CAIRO – A dramatic coronavirus surge in Tunisia has prompted other Arab countries to step in with supplies of vaccines and medical aid, as regional leaders flex their diplomatic muscles and try to earn goodwill.

The response, which comes as Tunisia’s health system shows signs of collapse, reflects a rare degree of regional solidarity but also allows some Middle Eastern powers to show off their capabilities, analysts said.

“You have the proxy battle of the Arab world playing out within vaccine diplomacy but also in the general arena of foreign assistance in Tunisia,” said Sarah Yerkes, a senior fellow at the Carnegie Endowment for International Peace.

No country in the region has responded with more vaccines than Saudi Arabia, which announced this past week that it would send 1 million doses to Tunisia, in addition to medical supplies. The United Arab Emirates, which started manufacturing vaccines earlier this year, has sent 500,000 doses, and Tunisia’s neighbor Algeria has sent aid and 250,000 doses. Turkey also stepped in with 50,000 doses. Several other countries in the region, including Egypt, Morocco and Qatar, are sending medical supplies, including field hospitals.

The full array of vaccines pledged have not been announced, but they probably will come from several manufacturers, depending on each donor country’s supply.

Until recently, countries that have developed their own vaccines – including China, Russia and the United States – were the ones most easily able to use vaccines as a diplomatic tool.


“Now the problem is not producing the vaccine, it’s having the ability to buy the vaccine. And Saudi Arabia is able to do that,” said Oussama Helal, an independent Tunisian analyst. “It’s kind of to show off.”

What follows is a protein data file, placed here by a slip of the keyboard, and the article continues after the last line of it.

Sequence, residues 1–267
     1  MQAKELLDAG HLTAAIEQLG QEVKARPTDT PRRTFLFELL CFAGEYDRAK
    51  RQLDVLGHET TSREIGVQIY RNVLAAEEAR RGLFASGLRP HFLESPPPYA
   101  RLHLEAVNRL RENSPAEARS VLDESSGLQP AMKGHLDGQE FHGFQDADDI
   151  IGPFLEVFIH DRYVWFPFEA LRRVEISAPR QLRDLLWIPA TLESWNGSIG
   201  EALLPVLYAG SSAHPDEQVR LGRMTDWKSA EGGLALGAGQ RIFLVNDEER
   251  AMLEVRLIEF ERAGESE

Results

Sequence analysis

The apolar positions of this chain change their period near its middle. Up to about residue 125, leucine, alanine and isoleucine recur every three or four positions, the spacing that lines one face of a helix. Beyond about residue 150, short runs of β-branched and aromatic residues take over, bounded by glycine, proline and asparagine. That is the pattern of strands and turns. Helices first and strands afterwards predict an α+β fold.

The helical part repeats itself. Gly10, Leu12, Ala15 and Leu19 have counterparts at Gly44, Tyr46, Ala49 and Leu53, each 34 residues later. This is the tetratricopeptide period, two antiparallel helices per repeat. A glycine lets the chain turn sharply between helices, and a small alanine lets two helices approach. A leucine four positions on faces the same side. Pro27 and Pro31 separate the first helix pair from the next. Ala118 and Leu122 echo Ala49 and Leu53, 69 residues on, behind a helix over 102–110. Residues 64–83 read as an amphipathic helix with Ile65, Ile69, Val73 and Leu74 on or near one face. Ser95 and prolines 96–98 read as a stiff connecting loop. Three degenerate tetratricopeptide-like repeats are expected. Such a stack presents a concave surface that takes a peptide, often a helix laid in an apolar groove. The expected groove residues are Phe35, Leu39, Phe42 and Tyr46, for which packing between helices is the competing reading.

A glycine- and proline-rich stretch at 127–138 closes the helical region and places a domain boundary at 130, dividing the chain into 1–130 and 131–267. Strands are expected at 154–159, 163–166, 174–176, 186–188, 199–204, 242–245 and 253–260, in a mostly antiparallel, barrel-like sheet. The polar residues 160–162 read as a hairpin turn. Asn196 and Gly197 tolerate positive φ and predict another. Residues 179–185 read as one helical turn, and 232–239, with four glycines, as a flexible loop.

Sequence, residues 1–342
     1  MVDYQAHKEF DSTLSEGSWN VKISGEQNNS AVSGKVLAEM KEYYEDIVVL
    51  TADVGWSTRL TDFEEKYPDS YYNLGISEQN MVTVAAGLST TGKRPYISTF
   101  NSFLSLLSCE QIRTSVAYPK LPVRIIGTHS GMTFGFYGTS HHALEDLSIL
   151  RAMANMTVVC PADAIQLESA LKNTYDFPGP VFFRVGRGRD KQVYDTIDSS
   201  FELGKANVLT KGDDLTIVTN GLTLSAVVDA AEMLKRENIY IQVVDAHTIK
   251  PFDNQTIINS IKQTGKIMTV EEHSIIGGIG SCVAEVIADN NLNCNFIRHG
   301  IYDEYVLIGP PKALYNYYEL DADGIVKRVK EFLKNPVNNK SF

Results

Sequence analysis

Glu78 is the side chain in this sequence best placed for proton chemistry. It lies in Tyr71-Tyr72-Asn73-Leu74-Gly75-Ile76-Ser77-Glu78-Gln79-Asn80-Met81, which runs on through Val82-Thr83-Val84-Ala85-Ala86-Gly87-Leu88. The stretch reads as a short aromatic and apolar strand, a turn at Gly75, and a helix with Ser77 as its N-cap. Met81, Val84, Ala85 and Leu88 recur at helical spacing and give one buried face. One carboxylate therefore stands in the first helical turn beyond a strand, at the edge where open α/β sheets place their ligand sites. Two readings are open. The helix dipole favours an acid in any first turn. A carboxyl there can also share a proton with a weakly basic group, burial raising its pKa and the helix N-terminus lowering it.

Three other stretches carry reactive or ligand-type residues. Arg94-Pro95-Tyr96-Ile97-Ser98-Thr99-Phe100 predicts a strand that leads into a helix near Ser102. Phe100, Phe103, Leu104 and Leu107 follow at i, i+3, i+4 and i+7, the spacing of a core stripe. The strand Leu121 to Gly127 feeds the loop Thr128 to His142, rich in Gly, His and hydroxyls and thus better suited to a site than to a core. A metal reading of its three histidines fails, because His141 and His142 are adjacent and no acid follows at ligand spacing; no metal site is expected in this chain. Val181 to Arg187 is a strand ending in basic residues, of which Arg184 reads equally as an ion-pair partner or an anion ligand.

For Saudi Arabia, the crisis in Tunisia offers an opportunity “to reassert its role, particularly in the charity aid sector, which it always has been traditionally proud of,” said Elham Fakhro, a senior analyst on Persian Gulf states at the International Crisis Group. Now that Saudi Arabia has made progress vaccinating its own population, “I think we can see it expanding its aid into more covid diplomacy,” she said.

Youssef Cherif, a political analyst and director of Columbia Global Centers in Tunis, said Saudi Arabia’s significant aid in the midst of Tunisia’s crisis could also help the kingdom repaint its image abroad. Saudi Arabia has been sharply criticized in recent years for the killing of journalist Jamal Khashoggi by Saudi agents and for the human toll of its involvement in the war in Yemen.

“Now there is this massive vaccine diplomacy that is actually making all of a sudden the Saudis and Emiratis quite popular in Tunisia, which is not always the case,” Cherif said, adding that it is too early to tell what kind of long-term impact the vaccine donations will have on public opinion or relations with Tunisia. Regardless, he said, “It’s a great PR move by the Saudis.”

The kingdom is sending the doses although most of its own population has not yet received two doses of vaccine. The UAE, by contrast, has fully vaccinated two-thirds of its population.

Tunisia has been recording one of the highest mortality rates in Africa and illustrates the enormous threat countries face when they cannot provide enough vaccine doses, especially as the delta variant continues to spread. Just 6 percent of Tunisia’s more than 11 million people had been fully inoculated as of mid-July.